Frank Sinatra 'Best of the Best' Set Finds Capitol, Reprise Teaming Up for the First Time
Frank Sinatra 'Best of the Best' Set Finds Capitol, Reprise Teaming Up for the First Time

After decades of keeping Frank Sinatra's recordings era-specific, Reprise and Capitol Records are joining forces for the first time with Tuesday's release of "Sinatra: Best of the Best." The 23-track album opens with 1953's "I've Got The World On A String" and closes with 1980's "Theme From New York, New York."

EMI's Capitol Records is handling the release. "We've been talking about it for seven years," says Bill Gagnon, senior VP and general manager, Catalog, EMI Music North America. "The timing felt right though. It's always grass roots with Sinatra. He's always present, but now we have the Subway Sinatra (Gary Russo), the Twyla Tharp show 'Come Fly Away' touring nationally, (the ABC show) 'Pan Am,' which has Sinatra's presence all over it. It felt like a good time together and one thing that was really important was the support from the U.K. for this package."

The Sinatra estate, which owns his Reprise recordings and has a rights deal with Warner Music's Rhino, wanted the package to reach a new, younger market. Figuring "American Idol" and other competition shows feature Sinatra-related songs and singers who emulate his style, the album helps "broaden kids' understanding of Frank Sinatra," says Bob Finkelstein, co-chairman of Frank Sinatra Enterprises.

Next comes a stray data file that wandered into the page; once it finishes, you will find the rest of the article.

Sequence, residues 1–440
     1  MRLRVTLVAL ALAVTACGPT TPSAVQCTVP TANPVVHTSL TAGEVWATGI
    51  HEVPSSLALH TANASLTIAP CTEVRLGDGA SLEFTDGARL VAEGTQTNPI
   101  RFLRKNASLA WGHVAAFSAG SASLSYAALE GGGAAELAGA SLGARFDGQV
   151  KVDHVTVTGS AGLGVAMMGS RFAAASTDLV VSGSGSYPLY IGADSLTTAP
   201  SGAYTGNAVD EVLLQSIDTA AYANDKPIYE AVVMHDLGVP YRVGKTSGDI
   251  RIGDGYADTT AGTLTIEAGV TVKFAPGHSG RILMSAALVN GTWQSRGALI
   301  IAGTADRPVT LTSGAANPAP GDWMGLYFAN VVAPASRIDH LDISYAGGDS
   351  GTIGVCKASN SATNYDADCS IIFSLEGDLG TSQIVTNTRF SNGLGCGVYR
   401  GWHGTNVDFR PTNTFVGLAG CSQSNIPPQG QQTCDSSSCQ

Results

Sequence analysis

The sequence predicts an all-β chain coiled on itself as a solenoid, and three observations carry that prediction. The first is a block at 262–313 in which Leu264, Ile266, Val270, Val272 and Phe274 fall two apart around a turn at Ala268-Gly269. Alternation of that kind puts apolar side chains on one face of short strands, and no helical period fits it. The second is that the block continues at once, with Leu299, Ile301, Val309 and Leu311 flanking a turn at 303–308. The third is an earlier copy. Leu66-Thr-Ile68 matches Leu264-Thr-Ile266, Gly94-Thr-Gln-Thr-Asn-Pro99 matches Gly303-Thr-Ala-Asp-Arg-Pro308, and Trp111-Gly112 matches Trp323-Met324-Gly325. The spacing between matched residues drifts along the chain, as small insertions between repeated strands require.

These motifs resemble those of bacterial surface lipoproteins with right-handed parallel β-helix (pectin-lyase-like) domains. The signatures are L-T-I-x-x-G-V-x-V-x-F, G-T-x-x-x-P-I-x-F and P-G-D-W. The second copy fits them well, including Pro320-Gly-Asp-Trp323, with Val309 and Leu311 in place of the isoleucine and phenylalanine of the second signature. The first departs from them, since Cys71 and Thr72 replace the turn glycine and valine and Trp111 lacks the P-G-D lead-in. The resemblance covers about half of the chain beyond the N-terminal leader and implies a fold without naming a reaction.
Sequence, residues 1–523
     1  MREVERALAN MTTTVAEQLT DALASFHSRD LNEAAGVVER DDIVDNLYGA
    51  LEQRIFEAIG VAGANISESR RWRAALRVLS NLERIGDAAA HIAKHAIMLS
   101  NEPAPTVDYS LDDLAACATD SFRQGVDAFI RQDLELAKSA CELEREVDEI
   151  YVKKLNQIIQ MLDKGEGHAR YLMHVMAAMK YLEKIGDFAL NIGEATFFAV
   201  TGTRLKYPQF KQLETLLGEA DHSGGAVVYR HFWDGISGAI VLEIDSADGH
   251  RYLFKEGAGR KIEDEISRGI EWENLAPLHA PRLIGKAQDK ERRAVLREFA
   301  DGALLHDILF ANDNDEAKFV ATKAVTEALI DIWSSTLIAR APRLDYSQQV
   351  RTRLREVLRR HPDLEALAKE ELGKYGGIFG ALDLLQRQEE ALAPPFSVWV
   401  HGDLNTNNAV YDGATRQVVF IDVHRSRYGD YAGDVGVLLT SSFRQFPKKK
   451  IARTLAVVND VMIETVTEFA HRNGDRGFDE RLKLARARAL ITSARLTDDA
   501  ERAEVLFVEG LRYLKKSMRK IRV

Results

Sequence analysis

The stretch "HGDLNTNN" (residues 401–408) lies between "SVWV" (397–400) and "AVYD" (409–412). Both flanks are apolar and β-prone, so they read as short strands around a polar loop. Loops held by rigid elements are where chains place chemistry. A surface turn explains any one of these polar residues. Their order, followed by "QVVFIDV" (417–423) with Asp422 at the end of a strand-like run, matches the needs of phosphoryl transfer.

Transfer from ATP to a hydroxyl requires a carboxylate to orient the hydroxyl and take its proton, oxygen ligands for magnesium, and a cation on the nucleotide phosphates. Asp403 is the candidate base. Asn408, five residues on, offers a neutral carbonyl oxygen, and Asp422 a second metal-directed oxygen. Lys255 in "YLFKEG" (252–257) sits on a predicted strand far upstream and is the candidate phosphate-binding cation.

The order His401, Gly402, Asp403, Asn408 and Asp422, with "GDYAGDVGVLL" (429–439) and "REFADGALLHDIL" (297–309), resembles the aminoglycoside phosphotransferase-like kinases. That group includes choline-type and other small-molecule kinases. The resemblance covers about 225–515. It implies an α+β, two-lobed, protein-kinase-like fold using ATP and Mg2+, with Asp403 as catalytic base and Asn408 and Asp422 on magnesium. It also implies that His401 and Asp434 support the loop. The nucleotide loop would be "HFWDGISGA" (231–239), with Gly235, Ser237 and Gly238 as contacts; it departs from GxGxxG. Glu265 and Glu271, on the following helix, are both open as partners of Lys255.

The estate helped create a video special for American Public Television titled "Sinatra Sings" that will be used during December PBS pledge drives, and will feature more than a dozen of his old TV performances. Daughter Tina Sinatra handles the narration. She and her sister Nancy will promote the show and album with a screening and Q&A at the Grammy Museum in Los Angeles on Dec. 1.

"Research shows that he indexes off the chart on PBS," Gagnon says. "It never seems to get old. We want to get a groundswell with the next generation, people who love his style and swagger."

"The music speaks for itself," Finkelstein adds, "but adding the visuals makes it much more powerful. Seeing him live was electrifying."

In addition to the TV special, the Christmas tree lighting atop the Capitol Tower in Hollywood will also include the Sinatra family. EMI, which will release a deluxe edition featuring an out-of-print live album from 1957 with Nelson Riddle leading the band, is positioning the album as a holiday gift and will return with a second phase of promotion in February to target Valentine's Day.

On the non-traditional front, the label has partnered with Maggiano's Italian restaurant chain to promote the set, and is also creating ultimate Sinatra playlists for Spotify.

Noting that all of the music has been widely available for years and performances are on YouTube, Gagnon says the goal of the newly struck union with Frank Sinatra Enterprises is better curate material and take advantage of Sinatra's iconography -- whether it's the hats, the Capitol studios or even the microphone he used.

"When presented at its best," he says of Sinatra's work, "it gets out there better."

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